During the colonial era, all doctors from the Commonwealth and those trained in those regions were automatically allowed to work here.

After the handover, the rule was changed in order to unify the system requiring all overseas doctors to pass local exams before allowing them to practise here.

The qualifying entrance exam for overseas doctors is a sound practice only if its level of assessment is the same as that used to qualify local doctors. But what we see is an utterly unfair system designed to exclude foreign talent, which in the end will hurt the general public.

Our standard of medical services is quite high, but the overall standards in other Western countries, such as the US and Britain, are definitely not inferior, which explains why our medical professionals customarily choose to further their studies overseas.

What about those Hongkongers who are forced to study medicine overseas because of a shortage of university places here? Would they be considered outsiders and forced to go through the same prejudicial exam treatment before being allowed to come home and work here?

We shouldn't turn a blind eye and allow a small group of people to manipulate the situation in the medical sector for personal gain.

We shouldn't tolerate a professional monopoly that hurts public interests and endangers public health and safety.

We must salute all public doctors who insist on staying on to serve the public despite the harsh working conditions. Their commitment and sacrifice should be recognised and their pay and working conditions should be improved accordingly.

Albert Cheng King-hon is a political commentator. taipan@albertcheng.hk

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honger
"What about those Hongkongers who are forced to study medicine overseas because of a shortage of university places here? Would they be considered outsiders and forced to go through the same prejudicial exam treatment before being allowed to come home and work here?"
Amongst those studying overseas are the brightest of the bright in HK - there are many Hongkongers studying medicine in the Russell Group, some in Oxbridge as well. In fact, it is easier ot get into the HKU or CU med school as compared to in the Russell Group or in the US. Ditto for those foreign graduates applying from other Commonwealth countries - NUS (National University of Singapore), for example, has a higher ranking than the med schools of HKU or CU.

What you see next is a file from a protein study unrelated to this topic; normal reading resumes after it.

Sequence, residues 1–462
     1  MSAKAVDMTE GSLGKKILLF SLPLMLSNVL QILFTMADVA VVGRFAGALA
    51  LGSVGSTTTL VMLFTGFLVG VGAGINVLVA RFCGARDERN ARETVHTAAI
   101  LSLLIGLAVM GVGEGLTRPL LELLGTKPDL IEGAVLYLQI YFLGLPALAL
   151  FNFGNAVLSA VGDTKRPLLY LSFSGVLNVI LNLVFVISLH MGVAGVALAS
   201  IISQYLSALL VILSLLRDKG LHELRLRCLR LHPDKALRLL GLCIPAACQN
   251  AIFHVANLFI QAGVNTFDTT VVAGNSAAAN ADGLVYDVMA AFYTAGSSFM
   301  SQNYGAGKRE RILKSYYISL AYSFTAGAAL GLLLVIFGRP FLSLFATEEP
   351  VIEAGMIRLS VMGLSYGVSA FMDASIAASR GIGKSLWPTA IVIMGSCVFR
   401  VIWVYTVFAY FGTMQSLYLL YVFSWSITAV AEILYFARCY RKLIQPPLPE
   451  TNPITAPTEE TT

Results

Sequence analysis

It is time the govt stop feeding the greed of a very select few. We are talking about lives hanging on the balance as a resut of the high workload in public hospitals and the astronomical private fees charged, resulting in delayed or inferior treatment (in private hospitals as well) as a result of the shortage. Instead of repaying taxpayers who heavily subsidised their education, these local medical graduates now enforces a ruthless stranglehold on their services motivated primairly by monetary gains. What ingrates!
Will.I.Am
This is the only time I whole heartedly agrees with Cheng!
SpeakFreely
Crazy system. I was wondering say how a 20 years experience heart surgeon from UK or US can pass a written exam after left school for 20 years but they are for sure much better than a local grad with zero years of experience! right? There is no doubt local medical professional is building a protection. Remember a couple of years ago they were those who never stop the mainland mom because they were making so much! I would say most hk doctors are reactively lousy as they normally spend virtually no time with patient.